"It's peculiar that these concerns by the other parent are not weighed in decisions," she said.

In Dania's case the court never clarified why it did not consider Jasmin's concerns about Mahmood abducting their daughter.

"The court had all of the material indicating that an abduction was likely to occur if the opposing party's demands were met," Jasmin's lawyer, Kirsi Tarvainen, said.

Jasmin's fears came true this past Christmas holiday. Despite the court order, Jasmin said she had refused to give Mahmood Dania's passport. He only had her ID card.

Dania called her mother from Doha Airport in Qatar. Mahmood was taking her to Iraq.

Jasmin later found out that the Iraqi Embassy in Helsinki had granted Mahmood a temporary passport for Dania. This travel document had made it possible for him to take her beyond the Schengen area in the middle of the pandemic.

Once in Baghdad, Dania was sometimes able to call her mom, though Jasmin said she was never able to determine her daughter's exact location.

Jasmin said Mahmood at one point called her to demand she send him Dania's passport and a large sum of money.

In May, Jasmin's work with police, courts, and various ministry officials paid off. MP Hussein al-Taee (SDP) also intervened in the case.

Jasmin said she was under the impression that Iraqi authorities had started investigating the case. When Mahmood refused to meet with officials in Iraq, they issued a warrant for his arrest. At this point he decided to return to Finland, according to Jasmin.

Information obtained by Yle revealed that Finnish Foreign Ministry officials also put pressure on the case.

Five months later

In May Jasmin saw Dania for the first time in nearly five months. After landing in Finland, police apprehended Mahmood.

"Dania had lost a lot of weight and her clothes were dirty," Jasmin said.

Children sometimes become pawns parents use to emotionally blackmail each other, according to Räisänen. She also said parents may believe they "own" a child. In other cases, parents may abduct children because they live in fear of abuse from the other parent, or believe they can receive a more favourable custody decision from a court outside of Finland.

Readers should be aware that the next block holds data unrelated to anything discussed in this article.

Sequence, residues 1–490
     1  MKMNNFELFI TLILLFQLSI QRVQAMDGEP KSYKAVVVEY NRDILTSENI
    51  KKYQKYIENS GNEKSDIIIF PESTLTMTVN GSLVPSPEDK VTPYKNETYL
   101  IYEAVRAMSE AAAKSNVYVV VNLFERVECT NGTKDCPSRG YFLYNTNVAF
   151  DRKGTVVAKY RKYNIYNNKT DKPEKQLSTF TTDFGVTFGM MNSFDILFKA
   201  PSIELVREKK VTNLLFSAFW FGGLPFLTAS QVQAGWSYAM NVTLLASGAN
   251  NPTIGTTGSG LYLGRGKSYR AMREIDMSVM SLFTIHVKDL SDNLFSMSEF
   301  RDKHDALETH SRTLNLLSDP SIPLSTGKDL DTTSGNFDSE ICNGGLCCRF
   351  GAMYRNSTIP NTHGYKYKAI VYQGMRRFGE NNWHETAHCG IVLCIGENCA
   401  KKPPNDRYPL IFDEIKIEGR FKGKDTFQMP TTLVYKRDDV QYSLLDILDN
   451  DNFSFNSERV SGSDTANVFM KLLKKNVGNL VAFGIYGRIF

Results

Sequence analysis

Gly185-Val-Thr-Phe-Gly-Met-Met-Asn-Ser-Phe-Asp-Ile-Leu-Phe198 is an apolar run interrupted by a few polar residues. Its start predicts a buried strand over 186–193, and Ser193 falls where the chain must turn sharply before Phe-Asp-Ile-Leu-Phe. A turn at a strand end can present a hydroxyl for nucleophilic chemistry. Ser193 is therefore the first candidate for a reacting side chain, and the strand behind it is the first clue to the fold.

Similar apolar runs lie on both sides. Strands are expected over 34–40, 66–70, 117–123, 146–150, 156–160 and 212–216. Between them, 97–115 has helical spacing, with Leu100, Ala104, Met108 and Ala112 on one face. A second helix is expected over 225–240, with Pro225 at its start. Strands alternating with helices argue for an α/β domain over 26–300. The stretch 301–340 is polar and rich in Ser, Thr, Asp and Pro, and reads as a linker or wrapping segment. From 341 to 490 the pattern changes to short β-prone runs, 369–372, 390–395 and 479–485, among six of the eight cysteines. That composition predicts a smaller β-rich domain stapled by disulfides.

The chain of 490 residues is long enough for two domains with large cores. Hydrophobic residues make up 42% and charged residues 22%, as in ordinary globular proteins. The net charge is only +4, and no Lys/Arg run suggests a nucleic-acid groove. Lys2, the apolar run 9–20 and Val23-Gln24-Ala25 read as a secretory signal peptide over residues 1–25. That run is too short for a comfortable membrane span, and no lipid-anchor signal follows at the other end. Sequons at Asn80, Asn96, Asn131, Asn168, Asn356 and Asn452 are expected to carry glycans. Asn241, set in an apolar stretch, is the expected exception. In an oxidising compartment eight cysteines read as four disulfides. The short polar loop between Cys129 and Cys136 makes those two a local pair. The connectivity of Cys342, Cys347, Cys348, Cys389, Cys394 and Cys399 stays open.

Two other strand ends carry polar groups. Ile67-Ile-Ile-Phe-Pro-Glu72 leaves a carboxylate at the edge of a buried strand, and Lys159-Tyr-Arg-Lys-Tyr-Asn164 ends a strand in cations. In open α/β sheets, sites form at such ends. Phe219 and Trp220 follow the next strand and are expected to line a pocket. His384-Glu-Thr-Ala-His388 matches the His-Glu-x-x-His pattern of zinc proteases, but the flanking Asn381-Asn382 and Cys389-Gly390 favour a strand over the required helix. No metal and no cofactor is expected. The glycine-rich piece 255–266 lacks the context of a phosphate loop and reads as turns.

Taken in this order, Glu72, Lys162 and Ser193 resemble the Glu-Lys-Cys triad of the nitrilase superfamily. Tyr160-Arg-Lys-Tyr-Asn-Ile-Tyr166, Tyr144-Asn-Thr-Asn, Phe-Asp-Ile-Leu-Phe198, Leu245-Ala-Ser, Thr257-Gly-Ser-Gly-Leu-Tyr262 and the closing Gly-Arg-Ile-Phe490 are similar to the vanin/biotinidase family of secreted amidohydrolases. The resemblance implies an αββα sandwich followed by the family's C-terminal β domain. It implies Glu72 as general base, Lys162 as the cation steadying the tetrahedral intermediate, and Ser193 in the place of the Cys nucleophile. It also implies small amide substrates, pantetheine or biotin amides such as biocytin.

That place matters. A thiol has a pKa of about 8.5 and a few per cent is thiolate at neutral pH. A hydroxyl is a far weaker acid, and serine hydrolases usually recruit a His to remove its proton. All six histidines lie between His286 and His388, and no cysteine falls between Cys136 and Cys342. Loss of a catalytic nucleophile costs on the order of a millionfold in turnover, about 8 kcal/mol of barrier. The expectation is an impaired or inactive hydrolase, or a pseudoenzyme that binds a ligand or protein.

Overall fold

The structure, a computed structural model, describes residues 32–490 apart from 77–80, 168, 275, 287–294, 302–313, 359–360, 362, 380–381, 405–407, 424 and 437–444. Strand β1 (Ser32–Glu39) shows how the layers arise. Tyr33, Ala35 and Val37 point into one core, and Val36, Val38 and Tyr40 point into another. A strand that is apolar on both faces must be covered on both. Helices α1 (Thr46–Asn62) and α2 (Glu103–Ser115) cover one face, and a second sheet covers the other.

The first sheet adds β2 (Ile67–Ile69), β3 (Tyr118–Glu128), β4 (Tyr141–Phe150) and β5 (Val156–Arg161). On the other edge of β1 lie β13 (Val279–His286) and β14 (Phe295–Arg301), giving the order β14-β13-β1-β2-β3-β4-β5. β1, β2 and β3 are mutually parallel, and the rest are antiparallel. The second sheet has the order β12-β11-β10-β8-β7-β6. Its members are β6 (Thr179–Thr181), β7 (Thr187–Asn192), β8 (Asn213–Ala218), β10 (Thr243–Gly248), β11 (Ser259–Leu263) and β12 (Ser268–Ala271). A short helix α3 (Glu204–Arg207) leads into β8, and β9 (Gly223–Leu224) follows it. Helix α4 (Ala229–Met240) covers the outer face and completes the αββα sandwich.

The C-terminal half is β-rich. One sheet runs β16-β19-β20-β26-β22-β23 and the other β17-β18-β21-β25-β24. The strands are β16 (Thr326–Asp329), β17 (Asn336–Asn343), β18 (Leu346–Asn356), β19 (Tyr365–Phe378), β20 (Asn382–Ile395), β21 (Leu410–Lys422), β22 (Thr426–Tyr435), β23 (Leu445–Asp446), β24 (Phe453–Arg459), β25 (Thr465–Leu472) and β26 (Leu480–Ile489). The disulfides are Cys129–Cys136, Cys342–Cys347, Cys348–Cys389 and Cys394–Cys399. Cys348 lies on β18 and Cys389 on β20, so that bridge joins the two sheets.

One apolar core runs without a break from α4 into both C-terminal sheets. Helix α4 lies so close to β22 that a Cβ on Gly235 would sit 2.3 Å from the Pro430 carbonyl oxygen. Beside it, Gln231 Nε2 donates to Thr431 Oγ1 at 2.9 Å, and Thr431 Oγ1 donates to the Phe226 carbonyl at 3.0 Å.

Most western countries are party to the Hague convention on International Child Abduction.

Räisänen, however, said it was still important for parents to keep communication channels open as official cooperation was not always smooth, especially if countries involved have not signed the convention.

A new law came into force this year aiming to make it more difficult for a parent to single-handedly leave the Schengen area with their child.

It is now possible to add a child's name to a Schengen alert register. This system means border guards can prevent abductors from reaching their destination.

Räisänen said her organisation lobbied 13 years for the new law.

Jasmin said she has written to court officials involved in her case. She said she wanted them to know what happened after they granted Mahmood permission to travel with Dania.

In return, she said she only received generic messages from the court saying, "your message will not result in further action by the Court of Appeals."

"It feels terrible that they did not believe me," she said.

Räisänen pointed out that restricting parents' right to travel with children effectively prevents international abductions. "It's less traumatising for the child not to travel, than actually getting abducted."

Yle examined Finnish and Iraqi official and police documents for this story.

*Names have been changed to protect the identity of the involved parties, particularly that of the child.